From Sun Tzu to XBox: A Review


Ed Halter is a writer for the Village Voice, and given the strong anti-war sentiments in that publication, I went into Mr. Halter’s new book, From Sun Tzu to Xbox: War and Videogames expecting a screed against war, wargaming, and the organizations involved in both.

Instead what I found was a richly detailed, fascinating history of war and gaming, filled with analysis for the pundits as well as tidbits that delight the military historian and videogamer both. Whether you want to know the origins of chess, understand Prussian developments in kriegspiel, or discover the lost Bradley Fighting Vehicle simulator based on Atari’s Battlezone, he covers it.

Of course, Halter is opinionated, no doubt about it, and in all the ways one would expect; but it shows up less in what he says, and more in how he says it. At one point he refers to first-person shooters as games about “killers”, for instance, rather than the more neutral “soldiers” “warriors” or even “shooters”. To his credit, Halter never allows his bias to become overpowering, and at times he is surprisingly sympathetic to the needs of the military to find new ways to recruit and train today’s soldiers. He is also, clearly, a gamer, an insider to our culture rather than an external observer.

Halter’s thesis in From Sun Tzu to XBox is that games and war have always had a close relationship, because games grew out of the intellectual side of combat (just as sports grew out of the physical side of combat.) The earliest games, in other words, were simulations of command, while the earliest sports were simulations of fighting skill.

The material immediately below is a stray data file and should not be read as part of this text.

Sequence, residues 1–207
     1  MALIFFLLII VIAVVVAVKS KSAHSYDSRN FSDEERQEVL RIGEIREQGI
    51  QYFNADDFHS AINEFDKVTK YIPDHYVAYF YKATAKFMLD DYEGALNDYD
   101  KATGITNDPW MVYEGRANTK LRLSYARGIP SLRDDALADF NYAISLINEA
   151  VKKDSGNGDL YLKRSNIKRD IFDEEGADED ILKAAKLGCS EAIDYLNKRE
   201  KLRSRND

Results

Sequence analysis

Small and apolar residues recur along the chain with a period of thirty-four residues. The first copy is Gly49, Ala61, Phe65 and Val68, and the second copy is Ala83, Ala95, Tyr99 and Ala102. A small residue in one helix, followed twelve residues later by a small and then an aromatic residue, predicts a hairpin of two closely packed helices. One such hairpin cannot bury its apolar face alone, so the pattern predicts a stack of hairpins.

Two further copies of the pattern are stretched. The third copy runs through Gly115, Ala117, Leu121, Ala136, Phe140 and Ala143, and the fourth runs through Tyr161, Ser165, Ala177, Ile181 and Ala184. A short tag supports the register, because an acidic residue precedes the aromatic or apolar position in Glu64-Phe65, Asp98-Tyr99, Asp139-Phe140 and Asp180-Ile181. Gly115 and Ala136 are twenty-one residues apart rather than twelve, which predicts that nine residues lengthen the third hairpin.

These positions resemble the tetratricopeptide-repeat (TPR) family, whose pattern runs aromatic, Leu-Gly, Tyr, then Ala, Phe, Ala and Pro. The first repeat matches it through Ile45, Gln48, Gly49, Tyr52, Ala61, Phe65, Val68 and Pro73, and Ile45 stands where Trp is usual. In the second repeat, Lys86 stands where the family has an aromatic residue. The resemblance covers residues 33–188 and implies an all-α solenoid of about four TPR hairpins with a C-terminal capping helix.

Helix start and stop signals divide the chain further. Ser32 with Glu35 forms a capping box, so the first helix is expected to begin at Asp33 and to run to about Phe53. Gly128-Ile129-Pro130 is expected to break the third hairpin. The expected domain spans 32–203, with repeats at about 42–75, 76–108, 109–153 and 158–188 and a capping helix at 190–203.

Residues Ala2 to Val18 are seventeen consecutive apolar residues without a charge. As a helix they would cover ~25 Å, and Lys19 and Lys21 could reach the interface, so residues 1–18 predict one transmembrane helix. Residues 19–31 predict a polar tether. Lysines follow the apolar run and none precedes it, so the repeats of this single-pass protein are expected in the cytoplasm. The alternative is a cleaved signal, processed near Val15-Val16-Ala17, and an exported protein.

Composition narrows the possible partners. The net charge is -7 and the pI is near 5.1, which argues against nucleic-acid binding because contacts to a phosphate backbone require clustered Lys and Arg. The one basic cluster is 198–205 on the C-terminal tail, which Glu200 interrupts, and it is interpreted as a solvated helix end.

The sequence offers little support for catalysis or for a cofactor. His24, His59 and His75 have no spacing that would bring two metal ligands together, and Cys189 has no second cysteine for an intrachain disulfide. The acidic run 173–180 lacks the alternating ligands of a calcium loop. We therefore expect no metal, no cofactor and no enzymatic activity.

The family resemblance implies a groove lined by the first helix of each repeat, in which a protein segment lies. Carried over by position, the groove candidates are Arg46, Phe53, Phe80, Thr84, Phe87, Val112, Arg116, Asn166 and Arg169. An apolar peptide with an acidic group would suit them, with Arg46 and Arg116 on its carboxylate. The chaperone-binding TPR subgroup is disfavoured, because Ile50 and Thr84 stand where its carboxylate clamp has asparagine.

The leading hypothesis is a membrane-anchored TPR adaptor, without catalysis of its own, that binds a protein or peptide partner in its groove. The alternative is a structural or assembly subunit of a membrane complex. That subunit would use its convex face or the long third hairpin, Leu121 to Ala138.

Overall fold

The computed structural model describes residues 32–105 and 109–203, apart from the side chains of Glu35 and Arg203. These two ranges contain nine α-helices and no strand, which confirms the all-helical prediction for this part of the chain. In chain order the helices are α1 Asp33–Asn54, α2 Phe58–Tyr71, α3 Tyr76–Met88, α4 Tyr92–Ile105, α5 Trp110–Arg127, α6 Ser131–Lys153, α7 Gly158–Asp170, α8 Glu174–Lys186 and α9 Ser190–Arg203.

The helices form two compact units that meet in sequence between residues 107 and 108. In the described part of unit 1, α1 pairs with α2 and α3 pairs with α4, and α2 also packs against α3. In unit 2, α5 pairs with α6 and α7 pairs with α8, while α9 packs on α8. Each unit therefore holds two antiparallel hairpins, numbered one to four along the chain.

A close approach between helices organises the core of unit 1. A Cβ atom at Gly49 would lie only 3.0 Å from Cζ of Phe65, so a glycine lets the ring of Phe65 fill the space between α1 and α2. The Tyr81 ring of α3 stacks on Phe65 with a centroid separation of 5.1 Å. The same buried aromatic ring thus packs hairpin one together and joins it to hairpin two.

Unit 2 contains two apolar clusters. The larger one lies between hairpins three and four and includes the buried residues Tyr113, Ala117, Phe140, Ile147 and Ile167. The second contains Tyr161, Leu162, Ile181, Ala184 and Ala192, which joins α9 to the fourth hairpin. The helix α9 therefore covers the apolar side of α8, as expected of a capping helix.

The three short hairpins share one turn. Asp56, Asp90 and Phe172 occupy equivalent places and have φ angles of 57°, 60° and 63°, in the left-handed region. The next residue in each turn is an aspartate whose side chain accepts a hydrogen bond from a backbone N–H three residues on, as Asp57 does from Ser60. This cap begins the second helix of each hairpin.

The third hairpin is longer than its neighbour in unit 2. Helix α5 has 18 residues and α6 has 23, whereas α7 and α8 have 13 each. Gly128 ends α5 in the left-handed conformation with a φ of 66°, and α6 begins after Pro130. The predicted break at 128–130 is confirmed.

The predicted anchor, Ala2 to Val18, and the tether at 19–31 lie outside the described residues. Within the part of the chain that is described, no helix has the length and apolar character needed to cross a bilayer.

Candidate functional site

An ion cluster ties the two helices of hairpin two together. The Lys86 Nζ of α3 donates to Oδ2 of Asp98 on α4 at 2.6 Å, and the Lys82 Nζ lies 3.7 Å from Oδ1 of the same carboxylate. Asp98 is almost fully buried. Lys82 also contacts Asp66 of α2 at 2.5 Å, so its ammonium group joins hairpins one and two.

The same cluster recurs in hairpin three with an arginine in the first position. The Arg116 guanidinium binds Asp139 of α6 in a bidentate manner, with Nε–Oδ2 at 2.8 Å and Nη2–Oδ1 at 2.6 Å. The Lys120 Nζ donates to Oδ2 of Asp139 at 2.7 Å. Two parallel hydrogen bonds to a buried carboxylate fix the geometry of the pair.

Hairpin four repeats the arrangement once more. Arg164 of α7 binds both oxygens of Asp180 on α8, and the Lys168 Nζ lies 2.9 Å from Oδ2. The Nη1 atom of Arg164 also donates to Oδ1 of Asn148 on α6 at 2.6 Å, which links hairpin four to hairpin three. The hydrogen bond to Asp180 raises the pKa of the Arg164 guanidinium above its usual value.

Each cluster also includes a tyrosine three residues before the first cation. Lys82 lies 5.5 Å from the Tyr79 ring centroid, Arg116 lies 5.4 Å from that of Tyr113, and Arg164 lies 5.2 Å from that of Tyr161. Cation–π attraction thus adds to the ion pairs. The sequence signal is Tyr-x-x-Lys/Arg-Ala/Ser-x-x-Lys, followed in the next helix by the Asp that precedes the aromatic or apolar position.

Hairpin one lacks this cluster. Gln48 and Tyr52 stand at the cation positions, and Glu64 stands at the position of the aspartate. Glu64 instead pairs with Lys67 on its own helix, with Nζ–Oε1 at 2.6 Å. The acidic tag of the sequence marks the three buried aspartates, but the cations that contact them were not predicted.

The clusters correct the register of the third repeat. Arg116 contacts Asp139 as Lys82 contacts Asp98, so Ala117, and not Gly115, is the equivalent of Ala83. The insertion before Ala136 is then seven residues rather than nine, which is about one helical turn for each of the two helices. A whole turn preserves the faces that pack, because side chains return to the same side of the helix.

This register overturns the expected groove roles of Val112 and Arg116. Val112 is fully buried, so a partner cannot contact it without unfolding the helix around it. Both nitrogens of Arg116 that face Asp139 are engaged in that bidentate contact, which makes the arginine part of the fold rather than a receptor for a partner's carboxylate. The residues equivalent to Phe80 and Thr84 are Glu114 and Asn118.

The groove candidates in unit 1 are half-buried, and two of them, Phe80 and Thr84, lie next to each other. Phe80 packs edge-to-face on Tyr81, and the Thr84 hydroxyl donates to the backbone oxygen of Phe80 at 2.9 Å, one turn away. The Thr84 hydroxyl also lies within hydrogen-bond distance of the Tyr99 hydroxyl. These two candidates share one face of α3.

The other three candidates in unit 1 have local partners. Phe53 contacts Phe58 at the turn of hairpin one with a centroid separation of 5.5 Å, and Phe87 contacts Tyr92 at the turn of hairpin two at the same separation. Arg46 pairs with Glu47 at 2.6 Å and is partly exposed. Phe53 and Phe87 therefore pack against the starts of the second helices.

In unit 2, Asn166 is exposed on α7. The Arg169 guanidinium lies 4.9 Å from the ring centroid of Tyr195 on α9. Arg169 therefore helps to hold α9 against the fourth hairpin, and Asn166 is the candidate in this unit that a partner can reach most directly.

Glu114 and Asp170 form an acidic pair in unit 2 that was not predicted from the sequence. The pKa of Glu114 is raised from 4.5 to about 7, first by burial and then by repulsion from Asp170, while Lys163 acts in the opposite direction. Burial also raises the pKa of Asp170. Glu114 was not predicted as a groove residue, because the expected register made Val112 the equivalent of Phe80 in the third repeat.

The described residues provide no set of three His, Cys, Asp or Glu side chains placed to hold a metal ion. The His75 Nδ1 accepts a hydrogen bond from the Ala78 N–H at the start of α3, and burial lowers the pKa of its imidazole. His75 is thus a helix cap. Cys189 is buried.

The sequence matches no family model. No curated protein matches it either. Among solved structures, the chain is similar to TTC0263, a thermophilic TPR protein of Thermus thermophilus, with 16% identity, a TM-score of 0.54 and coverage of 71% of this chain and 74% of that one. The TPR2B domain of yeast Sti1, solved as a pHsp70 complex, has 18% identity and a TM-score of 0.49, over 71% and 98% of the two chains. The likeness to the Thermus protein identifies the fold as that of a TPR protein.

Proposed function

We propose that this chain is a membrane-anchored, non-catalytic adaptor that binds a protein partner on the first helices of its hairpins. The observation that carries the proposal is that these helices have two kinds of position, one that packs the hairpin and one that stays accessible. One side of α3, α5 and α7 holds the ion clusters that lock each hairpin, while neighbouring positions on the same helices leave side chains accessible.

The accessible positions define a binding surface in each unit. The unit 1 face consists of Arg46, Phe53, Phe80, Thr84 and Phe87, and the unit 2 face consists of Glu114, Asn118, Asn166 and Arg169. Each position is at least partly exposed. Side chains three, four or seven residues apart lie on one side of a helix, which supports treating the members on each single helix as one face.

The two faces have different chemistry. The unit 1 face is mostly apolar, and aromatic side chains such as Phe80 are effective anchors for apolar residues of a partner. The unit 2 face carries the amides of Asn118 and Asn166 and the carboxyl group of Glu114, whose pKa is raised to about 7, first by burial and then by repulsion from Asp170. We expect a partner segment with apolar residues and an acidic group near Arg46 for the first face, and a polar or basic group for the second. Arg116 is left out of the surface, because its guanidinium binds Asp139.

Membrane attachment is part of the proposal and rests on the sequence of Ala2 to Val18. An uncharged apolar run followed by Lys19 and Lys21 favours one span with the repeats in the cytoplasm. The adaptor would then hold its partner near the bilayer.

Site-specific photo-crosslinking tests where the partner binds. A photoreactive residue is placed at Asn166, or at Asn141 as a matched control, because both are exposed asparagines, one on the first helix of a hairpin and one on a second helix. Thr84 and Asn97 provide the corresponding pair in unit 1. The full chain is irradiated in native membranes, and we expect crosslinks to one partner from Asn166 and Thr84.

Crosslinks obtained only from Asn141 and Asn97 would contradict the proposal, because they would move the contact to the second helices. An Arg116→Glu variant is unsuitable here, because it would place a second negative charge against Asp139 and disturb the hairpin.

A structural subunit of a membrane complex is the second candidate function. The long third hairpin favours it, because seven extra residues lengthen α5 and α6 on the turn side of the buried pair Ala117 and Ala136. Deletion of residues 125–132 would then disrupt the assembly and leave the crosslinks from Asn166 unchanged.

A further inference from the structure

After demonstrating the military origins of chess, go, and other ancient pastimes, Halter traces the continuing dialectic of war and gaming. We see how war shapes the way games are played, how games shape the way war is waged, and find ourselves watching as the intersection of the two evolves into a bizarre composte of scientists, soldiers, video game developers, and Hollywood specialists he calls the “military entertainment complex.”

Regrettably, From Sun Tzu ends with a ceasfire rather than a victory. After describing the commerical and military relationship that has created the military entertaintment complex, Halter simply leaves things open, with few words about what it all will mean in the coming years. Perhaps it would have been impossible for him to sustain his objectivity and so he chose to left his views unstated. In any event, Halter does not permit himself the luxury of prophecy. I found myself wishing he had.

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